"Kalispera?" Which means "Good Afternoon," but the way he said it it might have been more like a reactionary twitch, Tourette's style, raising his tone on the last syllable like a non-committal parrot.

I pointed to the same model the boy with the black glasses had so carefully detailed for me to which he nodded, and kept nodding, and kept nodding, and then he looked at me and said in broken English, "Yes but we don't have it. Kalispera?"
(This time it was not addressed to me but to the girls that were in the nearby vicinity.)

And I faltered. But without changing the expression on his face he asked

"I could sell you this one?"

Oh! Floor model! Which means a bargain, and he took ten euros off the price, gave three more reactionary "kalisperas" to four more people who came into his sphere of conciousness, and I was happy and went home with my new friend the talking dashboard GPS.

George and I tested it out on the way to Killini, a port a few hours away from Athens where we were to pick up some clients that had been looking at wildflowers on an Ionian island. There were a few issues: One is that I hadn't counted on George preferring English type. "So you can read it also!" And several other tedious details that usually accompany one of these gizmos, giving directions being the primary one.

The next week I tried to get some answers from the GPS provider, Mr. Kalispera.

"Kalispera?" he reacted as I waved at him, allowing him space to continue with the person in front of him. The minutes passed and I positioned myself a little closer, doing a very American thing by just trying to get his attention through proximity and meaningful gazes, which did not work.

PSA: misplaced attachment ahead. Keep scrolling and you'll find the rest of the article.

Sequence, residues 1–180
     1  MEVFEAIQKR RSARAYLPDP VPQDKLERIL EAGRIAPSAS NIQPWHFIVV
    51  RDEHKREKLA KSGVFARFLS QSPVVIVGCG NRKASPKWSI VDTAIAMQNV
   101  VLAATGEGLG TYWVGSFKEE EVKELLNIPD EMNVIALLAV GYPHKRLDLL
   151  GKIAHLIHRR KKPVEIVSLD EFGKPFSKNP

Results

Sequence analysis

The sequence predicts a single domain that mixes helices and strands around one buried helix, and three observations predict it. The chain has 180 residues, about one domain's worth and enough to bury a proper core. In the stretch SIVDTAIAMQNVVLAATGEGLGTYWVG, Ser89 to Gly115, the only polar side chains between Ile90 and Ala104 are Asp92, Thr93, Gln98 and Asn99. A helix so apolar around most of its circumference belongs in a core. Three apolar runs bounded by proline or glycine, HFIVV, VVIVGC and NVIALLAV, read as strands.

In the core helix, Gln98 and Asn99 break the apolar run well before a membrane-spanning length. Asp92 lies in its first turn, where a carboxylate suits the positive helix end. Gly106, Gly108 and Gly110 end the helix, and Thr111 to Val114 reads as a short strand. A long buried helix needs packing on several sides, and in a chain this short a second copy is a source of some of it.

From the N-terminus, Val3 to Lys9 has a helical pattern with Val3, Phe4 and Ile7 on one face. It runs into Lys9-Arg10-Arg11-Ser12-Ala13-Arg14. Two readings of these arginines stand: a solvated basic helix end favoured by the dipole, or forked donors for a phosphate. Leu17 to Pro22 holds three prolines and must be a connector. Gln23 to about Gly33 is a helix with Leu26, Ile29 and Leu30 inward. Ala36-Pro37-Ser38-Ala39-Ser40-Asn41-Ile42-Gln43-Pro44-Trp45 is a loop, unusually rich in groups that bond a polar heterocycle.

"Excuse me, maybe you remember me I was here the other day and bought this GPS? I have some questions..."



"Mmm? So you bought this here?"

"Yes, from you. I just have some-"


"Some questions..."

"Sorry, one moment?"

And he took off in another direction for reasons known only by God and himself. I stood there, baffled, Greek speaking GPS in hand. Waited fifteen minutes for him to return but he did not, and I left with a frown.

Another trip passed where a functioning GPS would have been handy and I resolved to make one last attempt, but I would need to go in with good spirits and a full belly and that meant succumbing to Ariston's. At four pm, most of he shelves had been cleared save for four varieties: Leek, beef, cheese, and mushroom. It comes in mushroom? I paid the one euro eighty and turned left outside the door, tempted to just "borrow" the motorcyle of someone else for immediate gratification. I looked for a step, a bench, anything, and finally I caved and just poitioned my bulging backpack against the wall and crossed my boots at the ankles.

This was my five minutes in heaven. Stuffed with limp, buttery mushrooms, rice and onions that leaked out like magma from it's flaky enclave, it spilled into the white paper bag so that by the time I'd finished the pie I began sucking up the reserves. I think now I can say that I don't care who has the best pies, because knowing this one exists I can deal with all of the Plessio automatons of the world. Any activity is manageable when you've buffered yourself with the right drug.

What is funny is that while writing this, on the paper covering my table at "Yum Yum," I have observed the rotating flow of pie-holes coming directly out of Ariston's and positioning oneself against the wall is customary, save for a few that choose to eat on their motorcycles or are borrowing someone else's with less scruples than I.